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Ghana: Government's Effort to Increase Revenue Through Non-Traditional ExportsTuesday, September 30, 2014 > 08:48:52
Within the framework of the accelerated export drive, the Government of Ghana (GoG) through the Ministry of Trade and Industry (MoTI) has mandated the Ghana Export Promotion Authority (GEPA) to develop and promote services to enhance Non-Traditional Exports (NTEs) revenue, employment generation and socio economic development for the nation.
Ghana Export Promotion Authority (GEPA) is the National Export Trade Support Institution that facilitates the development and promotion of Ghanaian exports. GEPA was established by Act 396 in 1969 as an agency of the Ministry of Trade and Industry with the mandate to develop and promote Ghanaian exports. GEPA focuses on the diversification of Ghana's export base from the traditional export products of unprocessed minerals, cocoa beans, timber logs and lumber to non-traditional exports.
Currently, there are over 383 different Non-Traditional Export products and services categorised into four broad areas of Agricultural, Processed and Semi Processed, Handicrafts and Services. GEPA's clientele include over 3000 registered private sector exporting companies organised into 17 Export Product Associations. GEPA relates to these clients both on individual corporate basis and as groups and association, and also acts as an interface between these exporters and other public organisations.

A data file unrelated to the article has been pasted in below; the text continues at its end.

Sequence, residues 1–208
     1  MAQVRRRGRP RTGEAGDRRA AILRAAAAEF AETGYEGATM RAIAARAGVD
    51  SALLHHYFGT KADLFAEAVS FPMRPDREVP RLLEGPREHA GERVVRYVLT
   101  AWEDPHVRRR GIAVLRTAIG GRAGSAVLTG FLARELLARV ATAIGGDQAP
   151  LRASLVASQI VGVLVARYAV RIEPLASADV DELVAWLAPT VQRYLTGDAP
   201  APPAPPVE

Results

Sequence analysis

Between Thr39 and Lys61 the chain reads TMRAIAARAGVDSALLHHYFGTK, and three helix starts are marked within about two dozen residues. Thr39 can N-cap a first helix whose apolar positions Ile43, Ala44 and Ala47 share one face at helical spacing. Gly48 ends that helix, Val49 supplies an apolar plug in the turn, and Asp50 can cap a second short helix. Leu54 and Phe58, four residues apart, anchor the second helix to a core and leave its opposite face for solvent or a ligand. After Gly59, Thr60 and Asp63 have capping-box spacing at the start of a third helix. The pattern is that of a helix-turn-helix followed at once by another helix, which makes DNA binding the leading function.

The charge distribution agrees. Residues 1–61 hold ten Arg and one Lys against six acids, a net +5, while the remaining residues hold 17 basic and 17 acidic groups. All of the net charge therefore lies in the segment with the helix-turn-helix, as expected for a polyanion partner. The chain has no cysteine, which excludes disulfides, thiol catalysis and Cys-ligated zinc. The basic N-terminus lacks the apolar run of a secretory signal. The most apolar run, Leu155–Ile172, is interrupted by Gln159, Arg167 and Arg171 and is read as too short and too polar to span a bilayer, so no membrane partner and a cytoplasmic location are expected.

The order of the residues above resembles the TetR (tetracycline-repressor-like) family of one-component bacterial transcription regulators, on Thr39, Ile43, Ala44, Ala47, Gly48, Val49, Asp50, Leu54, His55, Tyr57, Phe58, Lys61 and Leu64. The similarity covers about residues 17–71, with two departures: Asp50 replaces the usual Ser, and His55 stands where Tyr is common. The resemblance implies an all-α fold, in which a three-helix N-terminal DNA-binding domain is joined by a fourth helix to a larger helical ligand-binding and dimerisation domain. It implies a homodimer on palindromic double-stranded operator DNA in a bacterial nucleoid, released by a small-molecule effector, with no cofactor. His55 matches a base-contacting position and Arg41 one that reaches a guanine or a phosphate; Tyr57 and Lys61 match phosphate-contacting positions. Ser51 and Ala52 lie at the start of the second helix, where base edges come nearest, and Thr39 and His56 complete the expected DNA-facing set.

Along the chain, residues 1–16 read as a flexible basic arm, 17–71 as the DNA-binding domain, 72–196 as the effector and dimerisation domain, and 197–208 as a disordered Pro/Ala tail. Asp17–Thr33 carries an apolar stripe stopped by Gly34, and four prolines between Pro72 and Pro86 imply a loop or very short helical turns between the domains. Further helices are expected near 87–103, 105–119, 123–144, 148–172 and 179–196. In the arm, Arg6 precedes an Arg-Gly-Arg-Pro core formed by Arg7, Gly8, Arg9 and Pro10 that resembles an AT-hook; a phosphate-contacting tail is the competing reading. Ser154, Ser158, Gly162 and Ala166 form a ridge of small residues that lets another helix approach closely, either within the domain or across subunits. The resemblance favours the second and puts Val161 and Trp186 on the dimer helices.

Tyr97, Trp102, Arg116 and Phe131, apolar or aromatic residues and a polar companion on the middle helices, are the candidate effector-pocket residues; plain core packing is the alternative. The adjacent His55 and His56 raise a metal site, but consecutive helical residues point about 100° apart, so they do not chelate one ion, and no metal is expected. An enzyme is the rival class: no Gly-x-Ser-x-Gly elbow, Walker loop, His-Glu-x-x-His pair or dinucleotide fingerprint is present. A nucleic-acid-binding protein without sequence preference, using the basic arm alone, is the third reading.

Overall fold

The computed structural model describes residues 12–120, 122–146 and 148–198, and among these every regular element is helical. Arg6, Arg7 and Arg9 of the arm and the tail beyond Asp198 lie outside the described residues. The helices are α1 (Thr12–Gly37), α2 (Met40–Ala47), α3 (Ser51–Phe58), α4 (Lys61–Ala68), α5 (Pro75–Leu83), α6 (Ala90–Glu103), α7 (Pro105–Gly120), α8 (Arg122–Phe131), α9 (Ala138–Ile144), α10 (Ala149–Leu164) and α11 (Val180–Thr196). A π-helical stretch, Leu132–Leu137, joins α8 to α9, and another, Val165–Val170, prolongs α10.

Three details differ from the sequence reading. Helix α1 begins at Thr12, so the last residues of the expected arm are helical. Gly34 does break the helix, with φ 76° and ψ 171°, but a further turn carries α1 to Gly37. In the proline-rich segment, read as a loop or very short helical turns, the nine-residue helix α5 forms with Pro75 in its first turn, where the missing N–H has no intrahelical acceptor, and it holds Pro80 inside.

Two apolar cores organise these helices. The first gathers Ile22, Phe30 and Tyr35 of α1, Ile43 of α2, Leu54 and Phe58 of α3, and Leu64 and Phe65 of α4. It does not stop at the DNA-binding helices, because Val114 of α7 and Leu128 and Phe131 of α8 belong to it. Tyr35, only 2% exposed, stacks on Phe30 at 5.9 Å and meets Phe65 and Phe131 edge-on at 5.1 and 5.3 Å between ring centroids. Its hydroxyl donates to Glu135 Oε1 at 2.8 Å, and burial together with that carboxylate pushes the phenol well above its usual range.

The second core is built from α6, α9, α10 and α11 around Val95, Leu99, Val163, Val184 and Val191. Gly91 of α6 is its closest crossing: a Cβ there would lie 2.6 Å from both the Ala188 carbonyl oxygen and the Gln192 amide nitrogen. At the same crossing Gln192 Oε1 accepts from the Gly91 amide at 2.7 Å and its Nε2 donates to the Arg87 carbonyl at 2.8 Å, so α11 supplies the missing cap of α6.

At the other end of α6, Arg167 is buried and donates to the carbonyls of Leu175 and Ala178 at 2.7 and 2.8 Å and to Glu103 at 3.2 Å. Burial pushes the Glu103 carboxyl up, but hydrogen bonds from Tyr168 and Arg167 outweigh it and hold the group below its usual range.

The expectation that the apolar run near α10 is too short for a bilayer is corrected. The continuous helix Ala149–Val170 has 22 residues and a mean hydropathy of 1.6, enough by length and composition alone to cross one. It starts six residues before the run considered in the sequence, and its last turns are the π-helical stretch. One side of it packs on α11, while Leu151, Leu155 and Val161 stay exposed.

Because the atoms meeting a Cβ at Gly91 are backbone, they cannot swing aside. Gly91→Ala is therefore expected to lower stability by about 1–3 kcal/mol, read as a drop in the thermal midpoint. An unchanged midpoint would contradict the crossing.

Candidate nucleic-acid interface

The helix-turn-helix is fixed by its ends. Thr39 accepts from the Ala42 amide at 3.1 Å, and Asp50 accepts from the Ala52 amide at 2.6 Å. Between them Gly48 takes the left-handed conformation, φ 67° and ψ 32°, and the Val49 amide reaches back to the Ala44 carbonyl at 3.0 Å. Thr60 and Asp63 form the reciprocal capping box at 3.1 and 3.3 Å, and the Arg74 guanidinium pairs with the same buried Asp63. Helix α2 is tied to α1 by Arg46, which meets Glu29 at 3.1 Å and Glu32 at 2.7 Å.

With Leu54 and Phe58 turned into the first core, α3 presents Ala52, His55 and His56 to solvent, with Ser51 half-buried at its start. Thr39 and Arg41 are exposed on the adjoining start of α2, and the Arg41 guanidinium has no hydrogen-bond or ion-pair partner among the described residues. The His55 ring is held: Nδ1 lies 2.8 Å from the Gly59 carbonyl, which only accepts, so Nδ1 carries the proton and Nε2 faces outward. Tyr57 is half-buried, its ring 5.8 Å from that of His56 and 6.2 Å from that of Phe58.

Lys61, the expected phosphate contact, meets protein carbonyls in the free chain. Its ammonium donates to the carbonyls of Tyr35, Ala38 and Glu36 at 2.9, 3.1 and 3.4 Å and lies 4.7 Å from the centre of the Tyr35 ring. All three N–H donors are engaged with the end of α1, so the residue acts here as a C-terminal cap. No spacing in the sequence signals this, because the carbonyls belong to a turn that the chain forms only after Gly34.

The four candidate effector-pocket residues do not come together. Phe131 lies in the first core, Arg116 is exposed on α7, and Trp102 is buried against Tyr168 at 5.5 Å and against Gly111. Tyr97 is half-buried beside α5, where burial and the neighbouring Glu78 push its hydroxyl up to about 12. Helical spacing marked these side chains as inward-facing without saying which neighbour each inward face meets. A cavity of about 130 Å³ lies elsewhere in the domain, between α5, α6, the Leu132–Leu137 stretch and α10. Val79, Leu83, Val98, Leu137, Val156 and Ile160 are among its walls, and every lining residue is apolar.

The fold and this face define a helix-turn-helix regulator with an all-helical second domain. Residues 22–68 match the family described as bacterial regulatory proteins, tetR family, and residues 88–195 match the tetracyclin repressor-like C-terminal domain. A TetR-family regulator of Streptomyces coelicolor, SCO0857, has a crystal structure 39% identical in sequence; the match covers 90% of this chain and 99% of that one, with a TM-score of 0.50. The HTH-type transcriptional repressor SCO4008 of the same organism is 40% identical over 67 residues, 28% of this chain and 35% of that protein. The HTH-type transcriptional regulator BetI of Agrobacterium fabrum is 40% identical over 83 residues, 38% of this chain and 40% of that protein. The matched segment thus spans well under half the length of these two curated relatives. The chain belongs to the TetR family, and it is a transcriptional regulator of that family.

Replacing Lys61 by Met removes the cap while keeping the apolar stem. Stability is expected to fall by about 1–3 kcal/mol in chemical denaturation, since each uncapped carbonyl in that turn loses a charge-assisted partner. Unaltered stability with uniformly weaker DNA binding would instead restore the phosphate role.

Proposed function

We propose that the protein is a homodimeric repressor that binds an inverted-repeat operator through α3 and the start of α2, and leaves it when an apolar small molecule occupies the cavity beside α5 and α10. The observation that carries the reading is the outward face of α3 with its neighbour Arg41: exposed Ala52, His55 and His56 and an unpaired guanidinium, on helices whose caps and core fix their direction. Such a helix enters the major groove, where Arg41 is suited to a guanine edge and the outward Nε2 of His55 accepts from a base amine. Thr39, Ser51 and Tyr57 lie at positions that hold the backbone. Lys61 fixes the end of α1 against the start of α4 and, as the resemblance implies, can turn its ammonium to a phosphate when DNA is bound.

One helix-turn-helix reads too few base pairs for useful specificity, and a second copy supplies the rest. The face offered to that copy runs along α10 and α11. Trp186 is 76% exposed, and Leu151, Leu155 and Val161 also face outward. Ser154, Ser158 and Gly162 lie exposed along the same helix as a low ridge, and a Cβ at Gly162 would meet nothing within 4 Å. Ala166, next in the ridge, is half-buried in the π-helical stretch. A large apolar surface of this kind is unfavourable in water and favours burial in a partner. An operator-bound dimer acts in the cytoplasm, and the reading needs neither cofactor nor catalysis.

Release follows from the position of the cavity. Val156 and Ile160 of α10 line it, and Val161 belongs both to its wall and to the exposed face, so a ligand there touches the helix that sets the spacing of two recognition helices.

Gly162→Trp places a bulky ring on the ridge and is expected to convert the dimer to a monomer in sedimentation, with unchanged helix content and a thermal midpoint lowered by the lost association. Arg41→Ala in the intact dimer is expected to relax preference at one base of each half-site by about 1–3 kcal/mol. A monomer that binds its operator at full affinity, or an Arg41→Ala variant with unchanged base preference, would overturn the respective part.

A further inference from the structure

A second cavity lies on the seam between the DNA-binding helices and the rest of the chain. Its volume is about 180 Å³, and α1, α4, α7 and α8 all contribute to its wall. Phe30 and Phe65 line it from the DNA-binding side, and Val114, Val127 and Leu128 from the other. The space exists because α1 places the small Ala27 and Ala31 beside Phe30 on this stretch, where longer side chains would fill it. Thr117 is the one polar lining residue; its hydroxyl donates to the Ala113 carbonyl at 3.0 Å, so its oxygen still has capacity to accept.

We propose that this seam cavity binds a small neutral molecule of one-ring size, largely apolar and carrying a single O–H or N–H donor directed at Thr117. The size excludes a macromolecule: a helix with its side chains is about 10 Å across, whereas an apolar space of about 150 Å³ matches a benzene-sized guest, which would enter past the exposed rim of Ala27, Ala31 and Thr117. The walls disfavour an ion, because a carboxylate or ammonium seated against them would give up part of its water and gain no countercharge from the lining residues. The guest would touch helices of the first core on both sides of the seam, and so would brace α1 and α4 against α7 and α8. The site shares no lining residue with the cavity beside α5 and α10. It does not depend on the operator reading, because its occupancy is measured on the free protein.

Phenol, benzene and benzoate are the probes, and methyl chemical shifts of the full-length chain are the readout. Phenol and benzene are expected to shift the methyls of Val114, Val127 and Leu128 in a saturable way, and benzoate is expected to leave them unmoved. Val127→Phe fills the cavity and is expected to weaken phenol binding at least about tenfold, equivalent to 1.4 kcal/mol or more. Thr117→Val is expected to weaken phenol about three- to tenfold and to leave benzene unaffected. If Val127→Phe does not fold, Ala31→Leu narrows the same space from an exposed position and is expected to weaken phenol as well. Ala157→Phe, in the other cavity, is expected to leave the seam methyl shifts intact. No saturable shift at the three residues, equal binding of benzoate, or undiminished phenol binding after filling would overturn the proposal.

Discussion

As the cardinal body mandated to spearhead the development and promotion of non-traditional products, the Ghana Export Promotion Authority has once again taken up the initiative to bring to fore the practical steps of streamlining and the global strategic positioning of professional services from Ghana. In line with this global positioning of professional services and the significant impact of the sector in the export portfolio of Ghana, GEPA in collaboration with the commonwealth secretariat, developed a National Services Export Strategy.
Services Export Department
The service export department was established in January, 2007 as a unit and is charged with the responsibility to co-ordinate the Authority's collaborative efforts with other stakeholders to promote the services export sector.
What Is A Service
A service is the non-material equivalent of goods. It is the economic activity that does not result in ownership and therefore differentiated form the provision of physical goods.
Export Of Services